By Carol L. Kornmehl, M.D., FACRO
As the population ages, more people, especially those with light complexions, are being diagnosed with and treated for skin cancer. There are three main types of skin cancer: basal cell, squamous cell and melanoma. The most favorable kind is basal cell and melanoma is the most serious form.
Most skin cancers are caused by longstanding sun exposure. Also, as the ozone layer becomes more depleted, the incidence of skin cancer is anticipated to rise. Therefore, it makes sense to reduce sun exposure to minimize a person’s risk of developing skin cancer.
Traditional approaches are applying a thick coating of sunscreen with an SPF of at least 30 to sun exposed areas of the skin, especially those of the face, ears, neck, back of the arms, and hands. It should be noted that sunscreens absorb UV light, thus preventing the radiation from penetrating the skin. Also, avoiding sun exposure when the sun’s rays are most intense, between 10 a.m. and 4 p.m. and wearing protective, opaque clothing, such as long sleeved shirts, long pants, sunglasses and a wide brimmed hat, are helpful measures.
On October 22, 2007, a publication for the Proceedings of the National Academy of Sciences reported research that demonstrated a sun protective effect from extracts of broccoli stems. The chemical component, called sulforaphane (pronounced sull FOR uh fane) is not a sunscreen. Instead, it boosts the protective systems within cells to counteract the damage caused by UV rays. This effect results in less redness and inflammation of sun exposed skin, and ultimately decreases the risk of skin cancer.
The protective effect of sulforaphane was identified fifteen years ago, when a scientist discovered that is prevented tumor development in a number of animals that were exposed to cancer causing agents. The new study examined the effects of broccoli sprout application to small areas of the skin of six human volunteers as well as mice. Volunteers then were exposed to UV radiation, either at the site of the application of the broccoli extract or on an untreated area of the skin.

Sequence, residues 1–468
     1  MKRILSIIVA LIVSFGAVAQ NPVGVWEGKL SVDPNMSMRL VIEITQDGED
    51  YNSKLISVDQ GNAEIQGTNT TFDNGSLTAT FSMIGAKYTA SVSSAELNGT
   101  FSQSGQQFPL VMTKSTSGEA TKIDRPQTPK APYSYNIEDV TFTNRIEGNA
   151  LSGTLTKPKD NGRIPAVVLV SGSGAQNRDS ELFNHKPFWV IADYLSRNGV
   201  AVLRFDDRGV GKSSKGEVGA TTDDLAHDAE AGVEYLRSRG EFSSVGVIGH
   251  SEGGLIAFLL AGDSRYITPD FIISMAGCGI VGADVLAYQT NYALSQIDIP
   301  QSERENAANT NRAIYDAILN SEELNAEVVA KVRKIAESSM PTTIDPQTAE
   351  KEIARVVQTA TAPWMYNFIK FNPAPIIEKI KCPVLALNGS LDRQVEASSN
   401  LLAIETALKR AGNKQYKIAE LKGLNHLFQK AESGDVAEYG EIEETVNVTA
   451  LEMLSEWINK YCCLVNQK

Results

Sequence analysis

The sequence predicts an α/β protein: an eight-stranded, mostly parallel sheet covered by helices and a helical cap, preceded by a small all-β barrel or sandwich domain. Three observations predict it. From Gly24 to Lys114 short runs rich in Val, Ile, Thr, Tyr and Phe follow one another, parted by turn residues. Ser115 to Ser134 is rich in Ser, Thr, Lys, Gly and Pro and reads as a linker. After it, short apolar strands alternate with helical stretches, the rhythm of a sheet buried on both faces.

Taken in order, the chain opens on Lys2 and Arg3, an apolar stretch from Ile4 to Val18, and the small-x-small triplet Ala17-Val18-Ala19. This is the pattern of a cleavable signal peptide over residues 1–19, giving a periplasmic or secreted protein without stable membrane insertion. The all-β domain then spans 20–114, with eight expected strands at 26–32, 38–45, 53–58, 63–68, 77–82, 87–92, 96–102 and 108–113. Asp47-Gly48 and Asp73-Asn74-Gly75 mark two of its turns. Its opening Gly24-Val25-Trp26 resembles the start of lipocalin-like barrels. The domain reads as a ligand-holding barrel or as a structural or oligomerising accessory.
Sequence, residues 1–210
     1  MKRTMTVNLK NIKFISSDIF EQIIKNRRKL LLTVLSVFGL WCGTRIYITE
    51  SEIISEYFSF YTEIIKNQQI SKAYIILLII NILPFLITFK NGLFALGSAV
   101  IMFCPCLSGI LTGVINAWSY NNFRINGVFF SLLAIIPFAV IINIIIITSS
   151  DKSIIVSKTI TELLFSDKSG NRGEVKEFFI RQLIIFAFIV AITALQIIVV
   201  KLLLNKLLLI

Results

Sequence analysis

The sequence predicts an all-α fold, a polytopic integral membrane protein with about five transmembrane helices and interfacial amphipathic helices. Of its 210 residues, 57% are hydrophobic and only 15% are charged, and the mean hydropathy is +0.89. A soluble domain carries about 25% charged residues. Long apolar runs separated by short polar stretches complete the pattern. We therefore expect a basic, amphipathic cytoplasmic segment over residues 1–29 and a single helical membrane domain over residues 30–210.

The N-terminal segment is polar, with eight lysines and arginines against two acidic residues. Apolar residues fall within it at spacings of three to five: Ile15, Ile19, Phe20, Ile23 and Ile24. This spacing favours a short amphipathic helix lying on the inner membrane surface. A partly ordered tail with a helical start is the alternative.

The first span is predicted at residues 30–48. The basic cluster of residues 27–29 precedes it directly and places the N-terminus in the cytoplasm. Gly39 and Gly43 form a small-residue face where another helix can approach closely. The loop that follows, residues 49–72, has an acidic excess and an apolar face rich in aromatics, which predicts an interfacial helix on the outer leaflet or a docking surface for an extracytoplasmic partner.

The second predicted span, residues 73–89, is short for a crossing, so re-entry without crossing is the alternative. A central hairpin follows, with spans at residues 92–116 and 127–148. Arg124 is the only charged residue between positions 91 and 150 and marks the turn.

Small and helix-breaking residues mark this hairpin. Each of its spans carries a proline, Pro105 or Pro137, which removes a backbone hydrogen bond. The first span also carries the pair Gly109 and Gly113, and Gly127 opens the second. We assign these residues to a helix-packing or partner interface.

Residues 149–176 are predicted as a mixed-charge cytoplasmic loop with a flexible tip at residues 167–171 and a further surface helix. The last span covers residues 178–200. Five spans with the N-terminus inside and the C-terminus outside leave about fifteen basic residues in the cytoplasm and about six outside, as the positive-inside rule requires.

The results were a 37% reduction in redness and inflammation in the treated areas of the skin. Also, the researcher noted that it took many hours or even days for the protective measures to ensue. However, the results lasted for days after the application was washed off the skin.
Due to the small number of human subjects in this study, the validity of the data needs to be confirmed by testing it on a large scale. If the data are borne out, it is possible that broccoli extract will be added to creams that one can apply to the skin, either before or after sun exposure.
However, this will not replace the traditional skin cancer risk reduction methods described earlier. Also, people should examine their skin everywhere on their bodies at least once per month. Those who find a suspicious mole should have it evaluated by their primary care physician or dermatologist. The rate of a future skin cancer for someone who has been diagnosed with one skin cancer is nearly 50%. Thus, such people should undergo annual physician skin exams.
The good news is that a simple, safe product extracted from broccoli may indeed be useful in preventing skin cancer, an all too common medical condition.
Dr. Kornmehl is a board certified radiation oncologist and author of The Best News About Radiation Therapy (M. Evans, 2004). She may be contacted via www.RTSupportDoc.com, her website.
Copyright 2007 by Carol L. Kornmehl. All rights reserved. No part of this article may be reproduced, electronically or otherwise, without express written permission from the author.